This is a reread; The View is another pleasant outing from Lipman, with engaging characters, one incredibly annoying character (she's as good at doing those as Austen is), and entertaining personal ad responses shared as well. Nothing spectacular, but a good novel.

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Saturday, October 4, 2014

Oct. 4: A Rainy Saturday (At Last!)

Overture to DeathOverture to Death by Ngaio Marsh
My rating: 4 of 5 stars

Classic "cozy", and another strong narration job by Nadia May. Always a pleasure, even when I figure out the answers early and we don't get any Troy! Finished it today, a rainy, windy afternoon, as I worked on the twins' Christmas stockings. Nice!

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Making Bread, Breaking Bread.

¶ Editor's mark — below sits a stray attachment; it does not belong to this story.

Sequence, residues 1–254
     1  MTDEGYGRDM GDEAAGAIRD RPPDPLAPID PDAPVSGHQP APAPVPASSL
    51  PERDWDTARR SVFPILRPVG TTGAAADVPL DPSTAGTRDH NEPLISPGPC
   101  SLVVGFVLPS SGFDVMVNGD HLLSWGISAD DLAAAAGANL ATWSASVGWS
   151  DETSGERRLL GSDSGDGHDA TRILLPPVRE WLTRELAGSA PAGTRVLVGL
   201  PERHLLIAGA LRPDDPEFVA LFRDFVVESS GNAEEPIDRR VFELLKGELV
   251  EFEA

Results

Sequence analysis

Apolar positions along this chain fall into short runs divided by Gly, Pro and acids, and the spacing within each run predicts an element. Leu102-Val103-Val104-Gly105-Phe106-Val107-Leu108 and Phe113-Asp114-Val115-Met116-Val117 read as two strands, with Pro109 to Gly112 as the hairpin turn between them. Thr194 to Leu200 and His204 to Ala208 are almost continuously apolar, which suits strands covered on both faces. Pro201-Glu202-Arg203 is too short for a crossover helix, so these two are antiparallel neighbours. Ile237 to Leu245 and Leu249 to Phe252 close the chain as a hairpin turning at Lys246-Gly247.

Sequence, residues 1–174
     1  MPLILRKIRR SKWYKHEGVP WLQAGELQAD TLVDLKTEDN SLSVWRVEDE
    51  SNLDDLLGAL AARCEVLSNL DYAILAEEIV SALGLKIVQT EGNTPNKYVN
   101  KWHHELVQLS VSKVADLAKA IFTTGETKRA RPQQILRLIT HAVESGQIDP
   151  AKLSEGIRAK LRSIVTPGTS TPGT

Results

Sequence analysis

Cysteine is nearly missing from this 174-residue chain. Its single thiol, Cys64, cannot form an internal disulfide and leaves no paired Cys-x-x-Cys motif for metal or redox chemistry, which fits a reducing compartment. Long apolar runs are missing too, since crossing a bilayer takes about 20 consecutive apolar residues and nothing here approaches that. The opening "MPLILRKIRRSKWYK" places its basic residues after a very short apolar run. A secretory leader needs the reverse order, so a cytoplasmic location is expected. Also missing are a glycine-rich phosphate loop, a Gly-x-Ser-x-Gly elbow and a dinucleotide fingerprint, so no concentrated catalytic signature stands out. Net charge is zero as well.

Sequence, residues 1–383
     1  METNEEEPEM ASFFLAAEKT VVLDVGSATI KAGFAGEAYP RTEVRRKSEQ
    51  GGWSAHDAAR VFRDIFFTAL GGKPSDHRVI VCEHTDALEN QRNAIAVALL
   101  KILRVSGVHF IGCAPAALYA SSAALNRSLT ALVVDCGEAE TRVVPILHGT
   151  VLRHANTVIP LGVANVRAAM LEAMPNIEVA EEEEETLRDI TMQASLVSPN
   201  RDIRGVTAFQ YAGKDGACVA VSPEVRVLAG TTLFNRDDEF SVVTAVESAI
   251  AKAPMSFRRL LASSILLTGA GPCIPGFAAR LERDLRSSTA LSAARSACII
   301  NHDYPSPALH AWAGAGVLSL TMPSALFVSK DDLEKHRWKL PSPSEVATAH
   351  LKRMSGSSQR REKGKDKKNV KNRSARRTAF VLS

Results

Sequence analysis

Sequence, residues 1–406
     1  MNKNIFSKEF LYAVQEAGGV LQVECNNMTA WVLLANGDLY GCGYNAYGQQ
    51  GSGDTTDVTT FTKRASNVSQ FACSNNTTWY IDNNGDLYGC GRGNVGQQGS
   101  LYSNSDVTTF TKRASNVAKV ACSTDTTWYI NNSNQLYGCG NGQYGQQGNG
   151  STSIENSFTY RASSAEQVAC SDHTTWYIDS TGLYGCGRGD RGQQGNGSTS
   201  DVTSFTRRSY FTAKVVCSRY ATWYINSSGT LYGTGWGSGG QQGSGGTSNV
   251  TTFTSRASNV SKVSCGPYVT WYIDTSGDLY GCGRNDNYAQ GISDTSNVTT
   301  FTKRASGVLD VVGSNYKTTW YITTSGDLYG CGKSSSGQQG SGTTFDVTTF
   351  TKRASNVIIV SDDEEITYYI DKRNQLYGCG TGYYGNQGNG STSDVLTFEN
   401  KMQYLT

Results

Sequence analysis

Tomorrow, in the United Church of Christ calendar at least, is worldwide Communion Sunday. For several years now, my local church has also used the day to celebrate our local harvest and locally grown food, using blueberry juice and locally-made bread for Communion. Today, as I was making the bread, I started to think about the various directions and connections that this act of bread making pointed to.

The recipe I use is usually either "Grandma Leamon's oatmeal bread," or "anadama bread," both out of the notebook of recipes my mom made for each member of our family years ago. Grandma Leamon was my paternal grandmother, long-time Congo-pastor's wife, amazing cook, and beloved grandmother. The story of "anadama bread" is one my brother used to beg my mom to tell and retell. Both breads were staples in my family-of-origin, and we all learned to bake both as we grew up.